Searching over 5,500,000 cases.


searching
Buy This Entire Record For $7.95

Download the entire decision to receive the complete text, official citation,
docket number, dissents and concurrences, and footnotes for this case.

Learn more about what you receive with purchase of this case.

In re Lord

Supreme Court of South Carolina

November 15, 2017

In the Matter of Ray A. Lord, Respondent. Appellate Case No. 2017-001218

          Submitted October 26, 2017

          Lesley M. Coggiola, Disciplinary Counsel, of Columbia, for Office of Disciplinary Counsel.

          J. Steedley Bogan, Bogan Law Firm, of Columbia for Respondent.

          PER CURIAM:

         In this attorney disciplinary matter, the Office of Disciplinary Counsel and Respondent have entered into an Agreement for Discipline by Consent (Agreement) pursuant to Rule 21 of the Rules for Lawyer Disciplinary Enforcement (RLDE) contained in Rule 413 of the South Carolina Appellate Court Rules (SCACR). In the Agreement, Respondent admits misconduct and consents to the imposition of a confidential admonition or public reprimand. We accept the Agreement and issue a public reprimand. The facts, as set forth in the Agreement, are as follows.

         Direct Solicitation Letters

         To market his legal services, Respondent sent direct mail solicitation letters to potential clients who received traffic tickets. A recipient of one of the letters filed a complaint with the Commission on Lawyer Conduct. In response to the complaint in this matter, Respondent acknowledged the following violations of the Rules of Professional Conduct in his solicitation letters:

1. Respondent used the tagline "attorneys at law" on his law firm letterhead. The tagline was misleading because Respondent is a solo practitioner.
2. Respondent claimed that he has "28 years experience both as a lawyer and former law enforcement officer" in his solicitation materials. Respondent acknowledges the claim was misleading because he has only been a lawyer and former law enforcement officer for sixteen years. Respondent's intention was to relay that he has twenty-eight years total experience as a law enforcement officer and as a lawyer combined.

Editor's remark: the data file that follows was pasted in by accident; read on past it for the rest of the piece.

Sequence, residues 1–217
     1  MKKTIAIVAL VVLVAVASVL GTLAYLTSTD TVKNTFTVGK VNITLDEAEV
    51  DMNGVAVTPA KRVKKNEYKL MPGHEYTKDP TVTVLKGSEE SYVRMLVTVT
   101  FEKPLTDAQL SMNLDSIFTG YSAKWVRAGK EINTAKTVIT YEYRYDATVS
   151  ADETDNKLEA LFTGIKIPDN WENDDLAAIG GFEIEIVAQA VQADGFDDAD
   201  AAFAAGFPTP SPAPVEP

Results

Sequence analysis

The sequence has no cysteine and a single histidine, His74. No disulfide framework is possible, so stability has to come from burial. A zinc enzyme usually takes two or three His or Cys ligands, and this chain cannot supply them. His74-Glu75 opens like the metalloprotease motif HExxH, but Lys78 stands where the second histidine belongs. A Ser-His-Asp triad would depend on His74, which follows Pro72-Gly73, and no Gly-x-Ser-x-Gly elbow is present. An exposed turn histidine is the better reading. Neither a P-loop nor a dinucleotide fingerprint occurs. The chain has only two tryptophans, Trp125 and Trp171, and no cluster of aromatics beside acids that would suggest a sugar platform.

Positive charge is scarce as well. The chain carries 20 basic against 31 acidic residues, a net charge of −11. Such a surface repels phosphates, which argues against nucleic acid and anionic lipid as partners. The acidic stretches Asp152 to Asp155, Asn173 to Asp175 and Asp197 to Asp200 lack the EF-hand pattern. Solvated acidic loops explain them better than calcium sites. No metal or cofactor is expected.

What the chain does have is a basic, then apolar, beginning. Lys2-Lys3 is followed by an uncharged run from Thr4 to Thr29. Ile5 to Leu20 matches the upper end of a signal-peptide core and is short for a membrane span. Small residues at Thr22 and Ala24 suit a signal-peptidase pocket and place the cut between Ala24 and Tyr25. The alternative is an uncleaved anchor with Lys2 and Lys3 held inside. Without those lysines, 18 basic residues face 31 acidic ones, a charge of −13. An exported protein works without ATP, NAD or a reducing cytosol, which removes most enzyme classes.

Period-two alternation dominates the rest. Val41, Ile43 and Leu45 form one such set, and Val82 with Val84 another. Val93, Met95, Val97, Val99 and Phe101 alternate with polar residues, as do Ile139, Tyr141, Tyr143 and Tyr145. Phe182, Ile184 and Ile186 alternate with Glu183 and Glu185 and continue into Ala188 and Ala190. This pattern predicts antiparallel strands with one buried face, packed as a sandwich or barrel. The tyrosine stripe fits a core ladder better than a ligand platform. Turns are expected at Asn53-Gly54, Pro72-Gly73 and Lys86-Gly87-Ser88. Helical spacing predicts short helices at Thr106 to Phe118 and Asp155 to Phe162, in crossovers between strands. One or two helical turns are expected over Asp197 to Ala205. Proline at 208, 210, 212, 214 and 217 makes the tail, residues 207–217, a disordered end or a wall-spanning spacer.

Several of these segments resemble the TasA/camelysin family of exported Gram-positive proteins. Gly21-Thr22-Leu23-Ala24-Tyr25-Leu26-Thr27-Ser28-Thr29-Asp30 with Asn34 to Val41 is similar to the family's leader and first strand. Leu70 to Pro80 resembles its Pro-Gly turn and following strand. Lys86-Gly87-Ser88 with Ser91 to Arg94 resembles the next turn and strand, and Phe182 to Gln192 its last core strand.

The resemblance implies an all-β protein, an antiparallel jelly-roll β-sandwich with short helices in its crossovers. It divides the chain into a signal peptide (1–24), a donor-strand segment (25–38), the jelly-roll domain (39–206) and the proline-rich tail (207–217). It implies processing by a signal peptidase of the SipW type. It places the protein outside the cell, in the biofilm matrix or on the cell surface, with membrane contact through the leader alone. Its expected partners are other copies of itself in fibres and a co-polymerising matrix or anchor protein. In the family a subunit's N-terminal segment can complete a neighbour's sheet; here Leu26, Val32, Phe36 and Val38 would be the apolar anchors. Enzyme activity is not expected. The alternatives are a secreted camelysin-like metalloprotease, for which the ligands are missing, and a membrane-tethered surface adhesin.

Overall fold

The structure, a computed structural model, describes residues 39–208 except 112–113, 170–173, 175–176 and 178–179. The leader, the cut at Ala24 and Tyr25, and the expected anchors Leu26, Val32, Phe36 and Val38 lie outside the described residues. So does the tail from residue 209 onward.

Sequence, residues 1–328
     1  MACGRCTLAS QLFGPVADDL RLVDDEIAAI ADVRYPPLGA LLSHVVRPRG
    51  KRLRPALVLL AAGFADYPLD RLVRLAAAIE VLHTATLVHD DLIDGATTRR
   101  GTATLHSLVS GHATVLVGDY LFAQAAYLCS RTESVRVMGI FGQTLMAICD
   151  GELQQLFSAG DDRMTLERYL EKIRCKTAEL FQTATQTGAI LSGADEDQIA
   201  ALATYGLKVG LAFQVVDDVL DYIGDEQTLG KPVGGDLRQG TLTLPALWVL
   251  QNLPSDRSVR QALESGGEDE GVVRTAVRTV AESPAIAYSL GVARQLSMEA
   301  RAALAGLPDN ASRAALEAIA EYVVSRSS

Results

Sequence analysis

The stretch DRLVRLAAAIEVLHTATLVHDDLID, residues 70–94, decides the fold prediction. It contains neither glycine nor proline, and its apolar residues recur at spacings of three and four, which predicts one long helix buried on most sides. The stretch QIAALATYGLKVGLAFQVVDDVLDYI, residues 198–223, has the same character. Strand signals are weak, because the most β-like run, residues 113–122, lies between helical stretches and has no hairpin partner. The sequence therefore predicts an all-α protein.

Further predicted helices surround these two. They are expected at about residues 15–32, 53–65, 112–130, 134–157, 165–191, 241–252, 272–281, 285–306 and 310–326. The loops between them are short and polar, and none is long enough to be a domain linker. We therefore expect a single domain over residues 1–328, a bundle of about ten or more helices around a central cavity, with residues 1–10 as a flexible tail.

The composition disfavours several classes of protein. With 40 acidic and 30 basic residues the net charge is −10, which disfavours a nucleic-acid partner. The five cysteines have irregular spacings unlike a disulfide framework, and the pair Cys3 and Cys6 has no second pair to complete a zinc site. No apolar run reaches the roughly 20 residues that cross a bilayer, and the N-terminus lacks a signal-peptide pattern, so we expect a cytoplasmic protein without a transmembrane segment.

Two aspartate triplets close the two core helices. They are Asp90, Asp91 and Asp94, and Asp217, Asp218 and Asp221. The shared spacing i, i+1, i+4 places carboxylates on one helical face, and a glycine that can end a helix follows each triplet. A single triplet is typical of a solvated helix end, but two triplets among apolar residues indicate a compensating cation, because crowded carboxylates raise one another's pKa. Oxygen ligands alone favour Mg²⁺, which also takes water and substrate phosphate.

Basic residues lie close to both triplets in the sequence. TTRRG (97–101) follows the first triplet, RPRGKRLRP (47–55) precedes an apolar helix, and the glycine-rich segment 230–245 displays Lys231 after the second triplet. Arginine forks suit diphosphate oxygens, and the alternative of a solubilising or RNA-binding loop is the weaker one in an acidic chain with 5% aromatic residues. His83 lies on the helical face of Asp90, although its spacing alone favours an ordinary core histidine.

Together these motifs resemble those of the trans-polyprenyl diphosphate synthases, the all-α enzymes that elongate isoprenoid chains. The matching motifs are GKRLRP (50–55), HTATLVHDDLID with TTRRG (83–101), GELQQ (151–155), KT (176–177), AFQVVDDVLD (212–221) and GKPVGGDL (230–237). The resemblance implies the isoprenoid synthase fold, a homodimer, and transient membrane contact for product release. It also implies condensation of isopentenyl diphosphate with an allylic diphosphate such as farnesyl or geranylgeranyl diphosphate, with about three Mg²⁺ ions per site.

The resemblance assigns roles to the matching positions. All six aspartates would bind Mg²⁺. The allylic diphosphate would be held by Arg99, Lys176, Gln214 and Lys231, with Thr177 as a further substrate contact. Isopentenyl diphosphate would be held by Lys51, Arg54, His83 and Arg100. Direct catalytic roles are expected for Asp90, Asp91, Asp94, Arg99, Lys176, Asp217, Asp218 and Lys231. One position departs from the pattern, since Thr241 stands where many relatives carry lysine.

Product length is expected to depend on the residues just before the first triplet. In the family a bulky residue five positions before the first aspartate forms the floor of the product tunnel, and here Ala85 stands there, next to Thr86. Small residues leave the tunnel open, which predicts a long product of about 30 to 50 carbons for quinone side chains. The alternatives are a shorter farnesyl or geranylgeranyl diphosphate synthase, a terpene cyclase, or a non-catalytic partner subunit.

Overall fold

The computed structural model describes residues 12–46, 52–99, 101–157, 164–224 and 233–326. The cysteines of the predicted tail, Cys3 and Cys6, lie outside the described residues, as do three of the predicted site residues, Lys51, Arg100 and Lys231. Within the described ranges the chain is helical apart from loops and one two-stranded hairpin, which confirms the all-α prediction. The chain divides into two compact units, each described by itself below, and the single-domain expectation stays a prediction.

3. Respondent used the telephone number (844) FIXTICKET. Use of the phoneword is the equivalent of a nickname, tradename, or moniker and is likely to create unjustified expectations or an implication that he can achieve results by unethical means. Furthermore, the phoneword is a moniker that implies an ability to obtain a certain result.
4. Respondent stated in his solicitation letters that he learned about the recipient's traffic ticket from "court records." Respondent's identification of the source of his information was not sufficiently specific.

         Website

         Respondent's solicitation letter specifically referred the recipient to the website of Respondent's law firm. On his website, he claimed he has "unique insight into the South Carolina traffic laws that many other lawyers simply do not have." Respondent admits this claim cannot be factually substantiated.

         Online ...


Buy This Entire Record For $7.95

Download the entire decision to receive the complete text, official citation,
docket number, dissents and concurrences, and footnotes for this case.

Learn more about what you receive with purchase of this case.